In terms of ethnic memory Greek immigrants have undergone a particularly interesting assimilation process. Usually defined as non-white throughout the immigration history of the U.S., Greeks (and other Southern and Eastern Europeans) were less desirable immigrants in the eyes of the U.S. government and their influx was restricted by set quotas.[4] And here we are facing a phenomenon: on the one hand, the Greeks were marked ethnic in the eyes of the law. On the other hand, being the cradle of Western thought, ancient Greece had its central role in forming the ideological basis of the American society, shaping its very values. In order to assimilate into the white U.S. population the Greek community has pursued a path of playing down the issue of Southern European ethnicity and simultaneously claiming the status of being Plato’s distant progeny. As shown by Yiorgos Anagnostou in his essay “Forget the Past, Remember the Ancestors!”, AHEPA (the American Hellenic Educational Progressive Association), founded in 1922, has continuously worked on spreading the understanding of Hellenic American identity as “ur-American”: “as racial descendants and therefore cultural inheritors of classical Greece, Greek immigrants were not only endowed with the potential to embrace ‘Americanness’; they had access to ‘ur-Americannes'” (Anagnostou, 38). AHEPA understood the importance of public self-representation in America (Anagnostou, 39) and promoted a positive, “American” image of Greek immigrants. Among its assimilation strategies were for instance making English the official language of the association, organizing common WASP and Greek communal meetings and festivities, fostering contacts to local municipal and religious authorities. Even the names of its sub-organizations, created in the late 1920s are indicative of the mission statement: The Daughters of Penelope, The Sons of Pericles and others. As Anagnostou points out, AHEPA meticulously analyzed various elements of Greek cultural heritage, emphasizing those regarded compatible with the ideal of “Americanness”, and disposing of those associated with non-whiteness. This process of “cultural amnesia” (or, as Lowenthal calls it, the “politics of forgetting”[5] (qtd. in Anagnostou, 42)) was central to establishing Greek American identity. Being not the only, but certainly one of the influential factors in Greek assimilation, it contributed to the relative invisibility of present day Greek Americans (a celebrity example: consider the “all-American” image of Jennifer Aniston from the TV-series Friends or Billy Zane–Rose’s fiancé in the Titanic).

This pattern of emphasizing Hellenic roots can also be traced in Middlesex. Due to the considerable gap between the immigrants’ Hellenic self-perception, and the welcoming country’s attitude towards them as uncivilized aliens, on a day-to-day basis establishing close connection to classic Greece proved difficult. Stemming from Asia Minor the Stephanides and their relatives, Sourmelina and Jimmy Zizmo, faced certain difficulties persuading the others of their civilized heritage. While working for the Ford Motor Company, Lefty and Jimmy were visited at home by the employees of the Ford Sociological Department, who were instructed to check the hygienic procedures of immigrant workers. While Lefty in his striving for assimilation was enthusiastically undergoing humiliating procedures such as the inspection of bed linens, toilet seats and tooth brushing technique, Jimmy Zizmo was far less enthralled by the visit. While Lefty, “grinning hideously, […] moved the toothbrush up and down in his dry mouth” asking “Like this?”, Jimmy tried to enlighten Henry Ford’s employees on Anglo-Saxon history:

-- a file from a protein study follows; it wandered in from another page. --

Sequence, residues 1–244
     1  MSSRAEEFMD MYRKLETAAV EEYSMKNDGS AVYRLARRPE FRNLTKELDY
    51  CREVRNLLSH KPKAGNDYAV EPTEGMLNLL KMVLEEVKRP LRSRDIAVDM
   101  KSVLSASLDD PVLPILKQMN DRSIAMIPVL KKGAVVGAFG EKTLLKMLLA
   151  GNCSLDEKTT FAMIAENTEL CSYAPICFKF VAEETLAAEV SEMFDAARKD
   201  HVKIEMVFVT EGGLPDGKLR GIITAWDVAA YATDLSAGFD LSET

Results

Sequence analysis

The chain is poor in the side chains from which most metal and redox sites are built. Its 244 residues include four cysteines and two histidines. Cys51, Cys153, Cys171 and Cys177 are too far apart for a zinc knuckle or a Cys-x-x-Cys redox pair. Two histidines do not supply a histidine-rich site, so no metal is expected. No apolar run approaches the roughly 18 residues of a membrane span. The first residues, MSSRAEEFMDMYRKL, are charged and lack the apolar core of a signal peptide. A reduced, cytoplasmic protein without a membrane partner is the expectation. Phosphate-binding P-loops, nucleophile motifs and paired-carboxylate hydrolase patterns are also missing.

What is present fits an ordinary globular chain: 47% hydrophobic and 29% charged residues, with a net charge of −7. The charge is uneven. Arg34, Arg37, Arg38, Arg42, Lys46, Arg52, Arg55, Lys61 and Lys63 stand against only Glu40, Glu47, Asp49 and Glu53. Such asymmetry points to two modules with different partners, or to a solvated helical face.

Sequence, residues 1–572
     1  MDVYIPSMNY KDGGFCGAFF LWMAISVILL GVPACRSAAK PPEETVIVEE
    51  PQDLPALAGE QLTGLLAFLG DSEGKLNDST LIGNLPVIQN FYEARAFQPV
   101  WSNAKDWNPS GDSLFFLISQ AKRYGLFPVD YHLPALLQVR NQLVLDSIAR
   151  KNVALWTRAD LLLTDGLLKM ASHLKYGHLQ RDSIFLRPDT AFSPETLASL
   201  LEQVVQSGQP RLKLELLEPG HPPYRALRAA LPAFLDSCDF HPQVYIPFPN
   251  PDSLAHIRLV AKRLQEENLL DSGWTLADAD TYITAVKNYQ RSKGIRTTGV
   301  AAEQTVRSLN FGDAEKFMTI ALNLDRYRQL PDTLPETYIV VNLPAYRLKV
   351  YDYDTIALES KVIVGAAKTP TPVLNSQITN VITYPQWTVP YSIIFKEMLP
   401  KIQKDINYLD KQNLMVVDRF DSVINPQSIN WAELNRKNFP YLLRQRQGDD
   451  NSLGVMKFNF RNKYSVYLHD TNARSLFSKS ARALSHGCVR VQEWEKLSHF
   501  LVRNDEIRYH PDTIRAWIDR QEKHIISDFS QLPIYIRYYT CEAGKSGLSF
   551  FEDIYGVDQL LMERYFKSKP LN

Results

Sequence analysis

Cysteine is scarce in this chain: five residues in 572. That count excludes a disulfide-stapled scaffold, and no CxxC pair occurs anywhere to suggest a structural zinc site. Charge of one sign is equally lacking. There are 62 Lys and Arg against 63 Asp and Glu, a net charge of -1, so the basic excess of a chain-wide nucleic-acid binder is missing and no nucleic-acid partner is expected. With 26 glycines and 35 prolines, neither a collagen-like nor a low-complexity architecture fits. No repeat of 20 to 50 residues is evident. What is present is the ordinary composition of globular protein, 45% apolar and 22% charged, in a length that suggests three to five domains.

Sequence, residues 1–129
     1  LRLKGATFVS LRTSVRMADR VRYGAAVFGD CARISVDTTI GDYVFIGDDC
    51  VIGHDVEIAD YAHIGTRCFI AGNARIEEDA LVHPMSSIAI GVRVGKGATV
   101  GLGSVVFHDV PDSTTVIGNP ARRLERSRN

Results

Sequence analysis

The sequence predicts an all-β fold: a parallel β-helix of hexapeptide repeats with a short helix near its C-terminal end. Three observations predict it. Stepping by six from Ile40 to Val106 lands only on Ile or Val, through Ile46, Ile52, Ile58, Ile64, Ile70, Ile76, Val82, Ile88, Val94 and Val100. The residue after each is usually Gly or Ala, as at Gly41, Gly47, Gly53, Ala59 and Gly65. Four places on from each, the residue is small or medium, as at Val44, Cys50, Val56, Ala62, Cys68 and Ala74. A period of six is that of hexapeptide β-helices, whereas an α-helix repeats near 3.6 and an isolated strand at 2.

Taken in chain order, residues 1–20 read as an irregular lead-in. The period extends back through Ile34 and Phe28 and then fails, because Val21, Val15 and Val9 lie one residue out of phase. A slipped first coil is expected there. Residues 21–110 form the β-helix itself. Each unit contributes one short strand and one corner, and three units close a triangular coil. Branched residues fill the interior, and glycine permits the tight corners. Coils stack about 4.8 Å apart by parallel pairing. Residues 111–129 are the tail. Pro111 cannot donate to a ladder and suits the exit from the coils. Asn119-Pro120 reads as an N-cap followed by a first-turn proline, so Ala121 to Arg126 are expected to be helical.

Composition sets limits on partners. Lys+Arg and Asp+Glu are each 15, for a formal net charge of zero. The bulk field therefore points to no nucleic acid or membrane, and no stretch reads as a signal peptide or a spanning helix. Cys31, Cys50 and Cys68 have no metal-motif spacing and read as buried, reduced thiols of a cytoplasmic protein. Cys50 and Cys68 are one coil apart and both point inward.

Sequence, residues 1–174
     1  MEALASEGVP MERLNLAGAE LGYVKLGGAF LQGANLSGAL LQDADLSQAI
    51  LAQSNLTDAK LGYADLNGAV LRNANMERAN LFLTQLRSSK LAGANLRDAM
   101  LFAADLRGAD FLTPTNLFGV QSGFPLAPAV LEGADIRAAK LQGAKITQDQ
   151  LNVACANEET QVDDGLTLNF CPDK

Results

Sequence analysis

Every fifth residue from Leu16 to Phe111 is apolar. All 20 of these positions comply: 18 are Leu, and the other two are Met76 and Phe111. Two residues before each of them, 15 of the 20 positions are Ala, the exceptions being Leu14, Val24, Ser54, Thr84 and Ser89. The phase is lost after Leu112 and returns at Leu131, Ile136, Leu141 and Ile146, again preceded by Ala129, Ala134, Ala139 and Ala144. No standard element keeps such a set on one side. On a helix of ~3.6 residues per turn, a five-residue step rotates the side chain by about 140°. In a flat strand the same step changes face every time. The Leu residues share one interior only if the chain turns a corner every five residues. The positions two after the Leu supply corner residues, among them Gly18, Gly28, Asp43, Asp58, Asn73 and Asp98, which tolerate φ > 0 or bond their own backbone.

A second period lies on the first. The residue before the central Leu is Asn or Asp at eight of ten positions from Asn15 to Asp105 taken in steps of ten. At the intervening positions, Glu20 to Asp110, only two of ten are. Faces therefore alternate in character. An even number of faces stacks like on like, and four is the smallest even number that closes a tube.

Listen to me,” Zizmo said. “The Greeks built the Parthenon and the Egyptians built the pyramids back when the Anglo-Saxons were still dressing in animal skins (Middlesex, 101).

Predictably, the employees were not particularly impressed by this piece of information.

A popular culture take on this view has recently been demonstrated in Hollywood’s film My Big Fat Greek Wedding. Throughout the film, the father of the Greek American protagonist is made fun of for trying to trace every English word or concept back to its alleged Greek origins. So, in a reconciliation attempt he tries to trace the WASP bridegroom’s last name Miller back to the word milo, meaning apple. Stating that his own family name is Portokalos, meaning orange, he concludes that the families are “apples and oranges. We’re different, but, in the end, we’re all fruit”.[6] Jokes aside, the present day mission statement of AHEPA is still indicative of the ongoing assimilation effort. It reads:

AHEPA members are proud of the contributions the ancient Greeks gifted to Western Civilization. As Americans, we share many of the values put forth by them: civic responsibility, philanthropy, education, family and individual excellence, and the ideals of democracy. This is the essence of our heritage. This is the core of our mission.[7]